When I evaluate a new client for anxiety, I always begin by asking the child's parent about sleep habits. Without fail, I am told that sleep really isn’t an issue. No nightmares. No trouble falling asleep. No trouble staying asleep. Other than the occasional refusal to go to bed or request for 10 more minutes, sleep is rarely identified as a problem.
Until the parent leaves the room. That’s when kids of all ages really talk about sleep.
It usually takes me an hour to fall asleep. I wake up a lot. I need a lot of lights, but my parents don’t want lights on, so I have to wait for them to go to bed to turn the lights on. I have nightmares a lot. I worry at night.
Sleep disturbance is common among kids with anxiety, depression and a variety of other diagnoses. It’s also common among kids not in therapy. Kids today are overscheduled, under stress and sleeping less than they should. They are, in fact, sleep deprived.
“More than a third of the U.S. population is not getting enough sleep, and for children who are in the critical years of early development, sleep is even more crucial,” Dr. Nathaniel Watson, 2015-16 president of the American Academy of Sleep Medicine, said in a recent press release. “Making sure there is ample time for sleep is one of the best ways to promote a healthy lifestyle for a child.”
Don’t let the words “children” and “early development” stop you from reading this article if you’ve reached the tween and teen years, though. The new sleep guidelines developed by the American Academy of Sleep Medicine is backed by the American Academy of Pediatrics, and it applies to tweens and teens as well as little ones.
Here’s the lowdown on how much sleep your kid needs based on age (every 24 hours):
Infants (4-12 months): 12-16 hours of sleep, including naps
Toddlers (1-2 years): 11-14 hours of sleep, including naps
Preschoolers (3-5 years): 10-13 hours, including naps
School-age (6-12 years): 9-12 hours
Teens (13-18 years): 8-12 hours
Believe me, I know: You have this, that and the other thing, and sometimes it’s really hard to log those hours. Besides, you think, they can make up for lost sleep on weekends and vacations. Right? Wrong. Consistency is essential and just a few lost hours can lead to sleep deprivation, which comes at a hefty cost to the well-being of your child.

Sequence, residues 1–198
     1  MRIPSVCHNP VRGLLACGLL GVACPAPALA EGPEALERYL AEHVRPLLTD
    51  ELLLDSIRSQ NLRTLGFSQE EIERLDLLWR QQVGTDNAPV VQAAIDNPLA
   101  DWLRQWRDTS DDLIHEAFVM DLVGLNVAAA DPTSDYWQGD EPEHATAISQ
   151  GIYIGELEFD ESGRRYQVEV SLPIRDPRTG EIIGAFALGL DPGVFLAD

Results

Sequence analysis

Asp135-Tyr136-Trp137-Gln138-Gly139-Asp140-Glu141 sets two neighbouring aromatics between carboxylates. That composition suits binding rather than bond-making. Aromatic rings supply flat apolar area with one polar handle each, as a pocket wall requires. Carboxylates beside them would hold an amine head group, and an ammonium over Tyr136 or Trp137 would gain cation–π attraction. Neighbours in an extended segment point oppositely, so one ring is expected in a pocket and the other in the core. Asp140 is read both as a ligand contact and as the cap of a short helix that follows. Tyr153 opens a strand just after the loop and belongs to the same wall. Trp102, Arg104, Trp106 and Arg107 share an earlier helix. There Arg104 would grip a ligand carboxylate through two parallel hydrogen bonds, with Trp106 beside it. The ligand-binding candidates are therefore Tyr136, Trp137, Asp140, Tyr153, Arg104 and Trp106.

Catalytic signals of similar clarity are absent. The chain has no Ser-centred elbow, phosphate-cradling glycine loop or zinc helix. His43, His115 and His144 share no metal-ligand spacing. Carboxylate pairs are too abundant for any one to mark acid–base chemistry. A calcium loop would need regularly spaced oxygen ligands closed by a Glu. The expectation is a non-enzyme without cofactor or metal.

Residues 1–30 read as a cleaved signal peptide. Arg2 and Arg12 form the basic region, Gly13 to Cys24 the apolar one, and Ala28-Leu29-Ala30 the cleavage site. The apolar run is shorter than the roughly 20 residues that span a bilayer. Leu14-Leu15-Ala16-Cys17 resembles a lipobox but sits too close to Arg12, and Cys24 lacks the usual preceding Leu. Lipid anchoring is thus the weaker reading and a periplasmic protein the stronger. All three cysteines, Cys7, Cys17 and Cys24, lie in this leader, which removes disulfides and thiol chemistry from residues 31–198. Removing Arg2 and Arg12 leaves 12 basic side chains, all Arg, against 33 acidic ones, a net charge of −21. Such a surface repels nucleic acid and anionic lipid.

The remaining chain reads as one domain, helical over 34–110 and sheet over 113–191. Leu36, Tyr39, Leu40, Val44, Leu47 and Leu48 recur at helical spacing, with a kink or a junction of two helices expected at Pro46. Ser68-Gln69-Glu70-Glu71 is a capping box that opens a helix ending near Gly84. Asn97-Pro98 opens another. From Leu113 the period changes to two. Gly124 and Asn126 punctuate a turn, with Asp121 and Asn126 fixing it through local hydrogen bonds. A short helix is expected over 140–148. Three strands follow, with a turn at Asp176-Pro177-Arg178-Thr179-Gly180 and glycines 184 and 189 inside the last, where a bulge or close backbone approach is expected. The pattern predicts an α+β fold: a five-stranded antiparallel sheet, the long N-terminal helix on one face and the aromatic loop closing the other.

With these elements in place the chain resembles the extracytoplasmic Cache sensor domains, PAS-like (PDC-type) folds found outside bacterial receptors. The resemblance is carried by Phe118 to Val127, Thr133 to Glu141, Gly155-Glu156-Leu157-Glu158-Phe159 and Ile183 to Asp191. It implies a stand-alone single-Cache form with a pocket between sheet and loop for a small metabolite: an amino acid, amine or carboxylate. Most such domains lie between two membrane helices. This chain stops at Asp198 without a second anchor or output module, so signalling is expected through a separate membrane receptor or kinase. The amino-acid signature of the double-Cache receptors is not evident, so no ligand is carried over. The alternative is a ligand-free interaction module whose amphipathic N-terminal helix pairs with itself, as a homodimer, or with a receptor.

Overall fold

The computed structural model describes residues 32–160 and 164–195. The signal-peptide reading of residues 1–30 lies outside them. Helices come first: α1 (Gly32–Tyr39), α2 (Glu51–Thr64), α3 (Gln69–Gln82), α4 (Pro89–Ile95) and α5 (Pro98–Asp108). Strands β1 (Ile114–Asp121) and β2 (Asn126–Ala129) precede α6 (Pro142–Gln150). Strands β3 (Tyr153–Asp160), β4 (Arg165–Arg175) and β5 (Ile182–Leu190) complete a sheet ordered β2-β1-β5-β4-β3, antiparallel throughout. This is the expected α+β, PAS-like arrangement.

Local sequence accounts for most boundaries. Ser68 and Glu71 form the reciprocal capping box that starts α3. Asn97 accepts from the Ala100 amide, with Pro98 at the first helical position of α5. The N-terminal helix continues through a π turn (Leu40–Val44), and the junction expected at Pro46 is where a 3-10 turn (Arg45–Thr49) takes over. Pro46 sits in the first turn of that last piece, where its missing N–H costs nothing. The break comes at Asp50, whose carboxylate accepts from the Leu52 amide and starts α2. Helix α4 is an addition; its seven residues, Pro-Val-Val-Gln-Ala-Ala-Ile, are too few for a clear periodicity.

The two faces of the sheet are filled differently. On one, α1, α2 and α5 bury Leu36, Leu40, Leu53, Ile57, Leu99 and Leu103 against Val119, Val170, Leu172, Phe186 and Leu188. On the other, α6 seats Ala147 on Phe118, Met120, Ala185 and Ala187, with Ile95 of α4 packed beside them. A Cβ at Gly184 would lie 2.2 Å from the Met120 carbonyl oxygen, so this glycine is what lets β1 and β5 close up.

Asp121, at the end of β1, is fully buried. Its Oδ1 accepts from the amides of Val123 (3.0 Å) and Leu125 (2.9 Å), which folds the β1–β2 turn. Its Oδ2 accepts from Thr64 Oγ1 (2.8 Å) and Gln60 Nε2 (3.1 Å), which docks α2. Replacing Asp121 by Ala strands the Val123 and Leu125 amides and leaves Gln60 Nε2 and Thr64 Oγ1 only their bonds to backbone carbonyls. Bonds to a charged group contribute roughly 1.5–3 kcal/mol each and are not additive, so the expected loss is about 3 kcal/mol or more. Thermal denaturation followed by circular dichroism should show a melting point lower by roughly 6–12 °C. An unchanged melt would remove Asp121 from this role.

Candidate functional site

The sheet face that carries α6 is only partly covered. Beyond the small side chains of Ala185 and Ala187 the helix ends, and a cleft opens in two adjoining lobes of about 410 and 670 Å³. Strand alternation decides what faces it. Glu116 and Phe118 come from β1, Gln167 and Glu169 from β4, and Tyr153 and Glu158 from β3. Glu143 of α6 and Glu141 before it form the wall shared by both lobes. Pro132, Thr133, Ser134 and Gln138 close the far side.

What happens when kids don’t sleep?
Kids who don’t log enough sleep hours are at risk for a wide range of physical and emotional issues:
- Frequent injuries
- Mood swings
- Poor school performance
- Suicidal thoughts
Yes, you read that correctly, sleep deprivation in teens is correlated with increased risk of depression and suicidal thoughts. In a study of nearly 16,000 teens in grades 7 to 12, researchers at Columbia University found that adolescents with bedtimes set at midnight or later were 24 percent more likely to suffer from depression and 20 percent more likely to have suicidal thoughts.
Inadequate sleep in teens can impact mood, behavior, school performance and relationships and can trigger depression. Sleep, as it turns out, is vital to the health and well-being of our children.
What are the benefits of consistent sleep?
It’s not all bad news in the sleep department. When parents empower kids and teens to prioritize sleep, the benefits are many. When children get enough sleep per age on a consistent basis, they enjoy increased attention span, better behavior, improved relationships, increased emotional regulation, improved learning and memory, better overall quality of life and increased happiness.
Parents often tell me they feel helpless when their kids struggle. Over and over they ask me the same question, “How can I help?” My answer always begins with this: Teach your child how to sleep.
Kids struggle with sleep for a variety of reasons, and it takes patience to help big kids work through sleep problems. It’s worth it, though, because once they learn to cope with their own sleep issues and log enough hours, they experience fewer symptoms of anxiety and stress—and that leads to better sleep.